Vital Signs dmb-2, page 26part #2 of Dr. Marissa Blumenthal Series
Twenty minutes later she pulled into Windorah. She was glad to be there, although the town was hardly a scenic oasis.
At the center of town stood a one-story green, clapboard pub cum hotel with a wooden veranda. A sign proclaimed it as the Western Star Hotel. Across the road from the Western Star was a general store. A little farther down the way was a gas station that looked like it was circa 1930.
Marissa entered the pub and endured the stares of its five male customers. They had paused in their dart game and were looking at her as if she were an apparition. The pub owner came over and asked if he could help her.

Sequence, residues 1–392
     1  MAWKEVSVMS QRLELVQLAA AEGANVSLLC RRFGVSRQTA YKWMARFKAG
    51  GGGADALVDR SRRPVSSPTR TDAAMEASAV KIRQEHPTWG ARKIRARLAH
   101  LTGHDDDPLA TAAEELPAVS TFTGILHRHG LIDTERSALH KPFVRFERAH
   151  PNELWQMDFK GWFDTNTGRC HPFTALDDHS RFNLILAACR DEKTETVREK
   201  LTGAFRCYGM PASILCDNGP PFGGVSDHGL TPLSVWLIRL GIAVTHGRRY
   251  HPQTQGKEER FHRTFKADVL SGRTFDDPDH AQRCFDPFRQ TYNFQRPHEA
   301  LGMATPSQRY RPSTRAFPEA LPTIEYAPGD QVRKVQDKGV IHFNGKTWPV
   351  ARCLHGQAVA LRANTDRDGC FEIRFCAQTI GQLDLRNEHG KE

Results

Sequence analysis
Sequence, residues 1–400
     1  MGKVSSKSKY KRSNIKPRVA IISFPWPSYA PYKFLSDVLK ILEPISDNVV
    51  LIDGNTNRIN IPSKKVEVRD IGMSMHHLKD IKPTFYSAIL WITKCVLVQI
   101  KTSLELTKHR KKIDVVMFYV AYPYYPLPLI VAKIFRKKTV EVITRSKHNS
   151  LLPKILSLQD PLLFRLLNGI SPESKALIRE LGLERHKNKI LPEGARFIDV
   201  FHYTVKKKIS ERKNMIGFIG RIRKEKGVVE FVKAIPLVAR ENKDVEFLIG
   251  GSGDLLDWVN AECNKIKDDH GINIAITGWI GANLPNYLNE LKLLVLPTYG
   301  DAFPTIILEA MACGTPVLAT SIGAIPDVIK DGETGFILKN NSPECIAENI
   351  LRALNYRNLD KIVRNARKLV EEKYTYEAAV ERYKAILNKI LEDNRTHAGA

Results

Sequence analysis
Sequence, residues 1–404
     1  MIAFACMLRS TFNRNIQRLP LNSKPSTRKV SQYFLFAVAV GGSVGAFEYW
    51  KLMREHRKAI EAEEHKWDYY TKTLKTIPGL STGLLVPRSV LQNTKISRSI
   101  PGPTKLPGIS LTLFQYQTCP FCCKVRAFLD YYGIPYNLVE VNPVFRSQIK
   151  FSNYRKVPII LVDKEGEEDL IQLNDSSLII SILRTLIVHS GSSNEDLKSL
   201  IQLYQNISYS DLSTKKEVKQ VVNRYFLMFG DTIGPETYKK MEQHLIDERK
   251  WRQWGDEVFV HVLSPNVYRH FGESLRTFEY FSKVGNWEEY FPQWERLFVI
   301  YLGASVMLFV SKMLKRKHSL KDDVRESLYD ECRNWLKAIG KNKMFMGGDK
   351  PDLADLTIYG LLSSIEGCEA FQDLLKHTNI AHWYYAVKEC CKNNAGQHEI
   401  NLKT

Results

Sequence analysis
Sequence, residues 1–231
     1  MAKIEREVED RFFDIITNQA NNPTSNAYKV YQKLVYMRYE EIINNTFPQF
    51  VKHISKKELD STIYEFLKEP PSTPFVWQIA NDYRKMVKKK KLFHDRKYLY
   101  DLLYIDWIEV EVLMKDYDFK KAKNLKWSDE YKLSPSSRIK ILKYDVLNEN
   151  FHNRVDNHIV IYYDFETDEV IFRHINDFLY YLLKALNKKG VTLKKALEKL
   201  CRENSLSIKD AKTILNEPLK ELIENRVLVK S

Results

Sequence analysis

"I'd like a room for two nights," Marissa said.
"Do you have a reservation?" the man asked.
Marissa studied the man's broad face. She thought he had to be joking, but he didn't crack a smile. She admitted that she didn't have a reservation.
"There's a boxing troupe in town tonight," the man said.
"We're pretty busy, but let me check."
He went over to his cash register and checked a notebook.
Marissa glanced around the room. All the men were still staring at her. None of them moved or said a word. They didn't touch their bottles of beer.
The man came back.
"I'll give you number four," he said.
"It was reserved, but they were supposed to check in by six."
Marissa paid for a night's lodging, took the key, and asked about food.
"We'll fix you up something here in the pub," the man said.
"As soon as you freshen up, come on back."
"One other question," Marissa asked.